LI, JIANHUA1,2,3*, JOHN H. ALEXANDER III1, and DONGLIN ZHANG2. 1Arnold Arboretum of Harvard University, 125 Arborway, Jamaica Plain, MA 02130; 2Department of Biosystems Science and Engineering, 5722 Deering Hall, Orono, ME 04469; 3Department of Plant Biology, University of New Hampshire, Durham, NH 03824. - The genus Syringa (Oleaceae) is paraphyletic: evidence from sequences of nuclear ribosomal DNA ITS and ETS regions.
Sequences of nuclear ribosomal DNA ITS and ETS regions were used to
examine phylogenetic relationships of Syringa and
Ligustrum. Thirty samples were included in parsimony analyses,
representing all major groups of these two genera. Two species of
Fraxinus and one species of Jasminum were also included
in analyses for rooting purposes. Species of series Vulgares
(Syringa) and the monotypic series Pinnatifoliae
(Syringa) are basal clades followed by a clade containing
Ligustrum species and the remaining Syringa species.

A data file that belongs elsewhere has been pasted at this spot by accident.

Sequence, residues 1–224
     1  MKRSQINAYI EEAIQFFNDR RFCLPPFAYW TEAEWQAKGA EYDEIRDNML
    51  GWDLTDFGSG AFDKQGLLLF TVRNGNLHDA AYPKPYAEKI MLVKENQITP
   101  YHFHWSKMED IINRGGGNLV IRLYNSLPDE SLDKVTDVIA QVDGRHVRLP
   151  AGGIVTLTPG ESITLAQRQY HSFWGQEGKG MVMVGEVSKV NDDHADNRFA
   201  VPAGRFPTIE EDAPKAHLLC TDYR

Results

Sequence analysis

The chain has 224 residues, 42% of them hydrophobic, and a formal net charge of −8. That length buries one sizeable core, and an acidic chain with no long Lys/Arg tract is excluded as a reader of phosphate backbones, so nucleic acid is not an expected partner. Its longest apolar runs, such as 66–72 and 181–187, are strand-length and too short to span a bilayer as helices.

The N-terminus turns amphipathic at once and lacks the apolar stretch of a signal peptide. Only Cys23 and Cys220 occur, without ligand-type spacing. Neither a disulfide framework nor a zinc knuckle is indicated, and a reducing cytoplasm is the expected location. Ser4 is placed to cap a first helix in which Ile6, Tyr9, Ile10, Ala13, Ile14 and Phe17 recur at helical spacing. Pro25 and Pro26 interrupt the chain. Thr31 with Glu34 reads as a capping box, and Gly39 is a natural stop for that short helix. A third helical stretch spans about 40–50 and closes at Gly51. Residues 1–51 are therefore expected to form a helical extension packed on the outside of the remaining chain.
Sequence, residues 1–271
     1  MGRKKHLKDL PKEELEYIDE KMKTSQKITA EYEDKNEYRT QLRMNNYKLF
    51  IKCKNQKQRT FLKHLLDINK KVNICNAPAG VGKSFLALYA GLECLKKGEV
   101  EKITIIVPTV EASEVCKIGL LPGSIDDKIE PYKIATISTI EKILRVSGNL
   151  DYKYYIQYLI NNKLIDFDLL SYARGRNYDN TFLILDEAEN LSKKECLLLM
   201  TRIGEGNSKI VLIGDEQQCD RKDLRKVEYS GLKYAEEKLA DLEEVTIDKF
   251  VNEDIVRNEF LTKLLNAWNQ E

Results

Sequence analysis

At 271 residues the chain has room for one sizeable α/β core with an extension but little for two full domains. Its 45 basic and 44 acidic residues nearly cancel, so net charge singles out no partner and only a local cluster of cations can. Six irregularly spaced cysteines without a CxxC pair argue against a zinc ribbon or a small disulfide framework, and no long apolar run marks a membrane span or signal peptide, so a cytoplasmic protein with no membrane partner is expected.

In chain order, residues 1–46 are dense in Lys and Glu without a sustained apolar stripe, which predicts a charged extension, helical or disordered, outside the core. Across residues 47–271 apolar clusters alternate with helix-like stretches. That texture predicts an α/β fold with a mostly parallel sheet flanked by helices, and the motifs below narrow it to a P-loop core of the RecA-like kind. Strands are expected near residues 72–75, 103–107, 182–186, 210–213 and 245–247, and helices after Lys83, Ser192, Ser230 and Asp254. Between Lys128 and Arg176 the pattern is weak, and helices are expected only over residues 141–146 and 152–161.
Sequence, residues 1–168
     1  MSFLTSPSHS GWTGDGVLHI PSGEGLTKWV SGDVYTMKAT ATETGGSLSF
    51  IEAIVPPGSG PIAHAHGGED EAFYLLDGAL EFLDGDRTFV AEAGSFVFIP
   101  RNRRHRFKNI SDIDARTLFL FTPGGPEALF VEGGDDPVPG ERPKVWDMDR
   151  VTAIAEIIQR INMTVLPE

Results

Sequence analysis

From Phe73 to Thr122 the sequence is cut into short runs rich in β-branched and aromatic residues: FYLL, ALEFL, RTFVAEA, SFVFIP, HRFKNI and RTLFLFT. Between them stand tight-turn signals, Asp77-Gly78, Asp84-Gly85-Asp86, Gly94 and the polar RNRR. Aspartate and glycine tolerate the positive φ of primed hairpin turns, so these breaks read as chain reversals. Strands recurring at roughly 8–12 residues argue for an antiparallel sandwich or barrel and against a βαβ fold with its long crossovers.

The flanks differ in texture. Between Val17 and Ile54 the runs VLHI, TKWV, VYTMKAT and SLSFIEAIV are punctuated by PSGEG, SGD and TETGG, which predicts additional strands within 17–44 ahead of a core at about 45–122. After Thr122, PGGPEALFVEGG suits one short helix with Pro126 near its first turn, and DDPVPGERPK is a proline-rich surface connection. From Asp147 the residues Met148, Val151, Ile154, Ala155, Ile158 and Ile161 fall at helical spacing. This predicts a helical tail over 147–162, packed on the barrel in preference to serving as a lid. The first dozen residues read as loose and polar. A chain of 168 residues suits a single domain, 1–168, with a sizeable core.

Species of Ligustrum form a well-supported clade, which is
sister to a clade containing the rest of species of Syringa,
including subgenus Ligustrina, and series Pubescentes
and Villosae. All these groups are monophyletic. Parasyringa
sempervirens is phylogenetically embedded within the
Ligustrum clade, supporting its placement in Ligustrum.
Our results indicate that Ligustrum is derived from within
Syringa, suggesting that Syringa as traditionally
circumscribed is paraphyletic. Berries are a synapomorphy of
Ligustrum species, and the dehiscent berry of Parasyringa
sempervirens is an evolutionary reversal to a capsule, which is
characteristic of Syringa. The evolution of berries might have
resulted in an accelerated speciation in Ligustrum.
Key words: ETS, ITS, Ligustrum, Oleaceae, paraphyly, phylogeny, Syringa